Q: Do I really need to continue my pets tick prevention in November and December?
A: Yes! In the last two weeks (November 13th – 27th), we have removed a total of 11 ticks from our patients. This is particularly concerning because the prevalence of Lyme disease in York Region has recently overtaken the prevalence of heartworm (61 reported cases vs 42 reported cases*).
Ticks are active until the weather is consistently below 4 degrees celsius. This time of year it dips below 4 degrees at night so the ticks are not active, but often reaches double digits during the day allowing the ticks to come out and feed. Ticks tend to “quest” more during these warmer daylight hours, as they prepare to hibernate for the winter. Ticks cannot jump,questing is the how ticks find hosts to attach to. They climb up plants and hang on with their back legs, while keeping their front legs extended up, in hopes of catching onto a host. Special care should be taken for dogs who frequent forests and ravines, as these are the areas that ticks tend to flourish, as well as hibernate for the winter.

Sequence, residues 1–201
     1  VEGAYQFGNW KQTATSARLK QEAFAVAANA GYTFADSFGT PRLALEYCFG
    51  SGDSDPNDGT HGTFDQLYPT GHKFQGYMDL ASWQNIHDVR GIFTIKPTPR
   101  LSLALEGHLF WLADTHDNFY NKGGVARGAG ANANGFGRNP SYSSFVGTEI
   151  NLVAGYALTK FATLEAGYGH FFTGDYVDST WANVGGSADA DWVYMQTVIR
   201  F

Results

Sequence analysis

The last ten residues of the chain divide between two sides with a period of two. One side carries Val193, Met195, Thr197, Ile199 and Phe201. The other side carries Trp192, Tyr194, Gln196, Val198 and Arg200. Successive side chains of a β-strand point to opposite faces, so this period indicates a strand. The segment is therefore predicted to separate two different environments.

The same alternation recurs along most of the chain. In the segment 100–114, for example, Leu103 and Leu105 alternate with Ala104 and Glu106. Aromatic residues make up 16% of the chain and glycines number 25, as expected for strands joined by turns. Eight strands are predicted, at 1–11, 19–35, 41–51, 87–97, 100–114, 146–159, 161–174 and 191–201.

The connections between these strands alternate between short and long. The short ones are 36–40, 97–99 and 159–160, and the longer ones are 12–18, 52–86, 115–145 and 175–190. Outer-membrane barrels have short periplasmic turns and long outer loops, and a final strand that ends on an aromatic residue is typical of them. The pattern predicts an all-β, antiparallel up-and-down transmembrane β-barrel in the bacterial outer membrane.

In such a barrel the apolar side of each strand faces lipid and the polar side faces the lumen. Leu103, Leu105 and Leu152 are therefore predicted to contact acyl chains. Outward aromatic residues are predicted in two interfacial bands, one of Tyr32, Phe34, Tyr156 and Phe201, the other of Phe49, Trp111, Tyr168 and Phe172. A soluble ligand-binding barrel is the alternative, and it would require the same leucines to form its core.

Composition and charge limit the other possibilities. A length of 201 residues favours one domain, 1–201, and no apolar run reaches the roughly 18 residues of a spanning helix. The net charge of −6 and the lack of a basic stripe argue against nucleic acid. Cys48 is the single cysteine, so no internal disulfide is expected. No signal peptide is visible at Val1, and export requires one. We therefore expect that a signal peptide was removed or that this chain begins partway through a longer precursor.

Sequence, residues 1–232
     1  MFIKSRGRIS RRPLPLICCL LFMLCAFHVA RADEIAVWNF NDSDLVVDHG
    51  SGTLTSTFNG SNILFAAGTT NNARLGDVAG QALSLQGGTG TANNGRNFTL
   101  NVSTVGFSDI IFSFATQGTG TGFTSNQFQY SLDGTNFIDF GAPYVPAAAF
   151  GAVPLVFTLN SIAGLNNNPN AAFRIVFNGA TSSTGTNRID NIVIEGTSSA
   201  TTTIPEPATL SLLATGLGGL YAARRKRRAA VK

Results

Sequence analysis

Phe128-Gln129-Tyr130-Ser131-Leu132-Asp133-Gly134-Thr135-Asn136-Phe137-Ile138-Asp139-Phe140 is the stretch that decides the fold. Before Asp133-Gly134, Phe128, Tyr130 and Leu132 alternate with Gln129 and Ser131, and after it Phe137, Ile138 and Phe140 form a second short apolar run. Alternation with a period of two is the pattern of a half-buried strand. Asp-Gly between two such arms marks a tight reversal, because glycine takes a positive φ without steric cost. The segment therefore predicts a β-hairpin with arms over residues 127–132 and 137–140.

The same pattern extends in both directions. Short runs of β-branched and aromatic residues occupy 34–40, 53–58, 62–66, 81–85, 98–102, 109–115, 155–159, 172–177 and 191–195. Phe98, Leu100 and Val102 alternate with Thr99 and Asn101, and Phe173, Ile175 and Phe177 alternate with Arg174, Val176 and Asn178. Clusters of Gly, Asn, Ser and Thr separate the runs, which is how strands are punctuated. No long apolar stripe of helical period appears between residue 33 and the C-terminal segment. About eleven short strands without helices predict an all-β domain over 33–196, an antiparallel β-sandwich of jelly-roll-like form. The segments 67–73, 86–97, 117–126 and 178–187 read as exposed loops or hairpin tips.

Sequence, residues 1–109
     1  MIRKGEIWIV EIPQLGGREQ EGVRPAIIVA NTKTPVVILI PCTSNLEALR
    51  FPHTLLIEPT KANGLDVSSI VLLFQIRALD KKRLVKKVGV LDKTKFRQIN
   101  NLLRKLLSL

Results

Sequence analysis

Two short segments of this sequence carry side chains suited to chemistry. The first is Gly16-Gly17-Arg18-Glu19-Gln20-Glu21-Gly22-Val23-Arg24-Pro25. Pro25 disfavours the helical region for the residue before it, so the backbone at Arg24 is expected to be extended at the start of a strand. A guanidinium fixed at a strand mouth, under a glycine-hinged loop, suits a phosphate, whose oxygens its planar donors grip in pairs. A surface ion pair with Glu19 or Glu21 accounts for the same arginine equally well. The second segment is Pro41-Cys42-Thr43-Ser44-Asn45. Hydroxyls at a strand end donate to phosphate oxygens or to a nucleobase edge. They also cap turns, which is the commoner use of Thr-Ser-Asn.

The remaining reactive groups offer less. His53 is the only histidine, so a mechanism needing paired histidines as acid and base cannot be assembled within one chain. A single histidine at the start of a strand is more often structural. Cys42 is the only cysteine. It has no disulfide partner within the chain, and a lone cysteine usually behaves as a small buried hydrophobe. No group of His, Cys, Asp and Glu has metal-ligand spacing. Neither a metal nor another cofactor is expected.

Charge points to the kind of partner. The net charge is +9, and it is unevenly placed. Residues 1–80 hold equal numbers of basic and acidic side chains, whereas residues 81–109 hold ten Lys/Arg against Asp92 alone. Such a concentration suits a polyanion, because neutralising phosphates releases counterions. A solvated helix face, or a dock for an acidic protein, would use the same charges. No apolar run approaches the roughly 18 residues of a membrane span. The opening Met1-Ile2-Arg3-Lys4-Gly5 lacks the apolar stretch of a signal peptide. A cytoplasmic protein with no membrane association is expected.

Should you find a tick on your dog, give the clinic a call. Not only can we remove the tick for you, or set you up with a Tick Twister to remove it yourself; we will also book a post-exposure tickborne-illness test for 21 days after the bite. This test will check for the three tick borne illnesses that are common in our area (Lyme, Ehrlichia and Anaplasma).
Should you find a tick on yourself you can use a Tick Twister to remove it, then you should bring it to your doctor at Aurora Animal Clinic to be sent out for testing for Lyme disease. Removing ticks quickly after attachment is important for both humans and dogs, so every member of the family should be getting a tick check after going into wooded areas or long grass. It is also a good idea to wear long pants tucked into your socks or boots when frequenting these areas to decrease the possibility of a tick attaching to you!
* Info as on November 26, 2015 from as reported from Idexx Laboratories.
Please contact Aurora Animal Clinic if you have any questions regarding your pet’s health.
By: Caitlin Johnston, RVT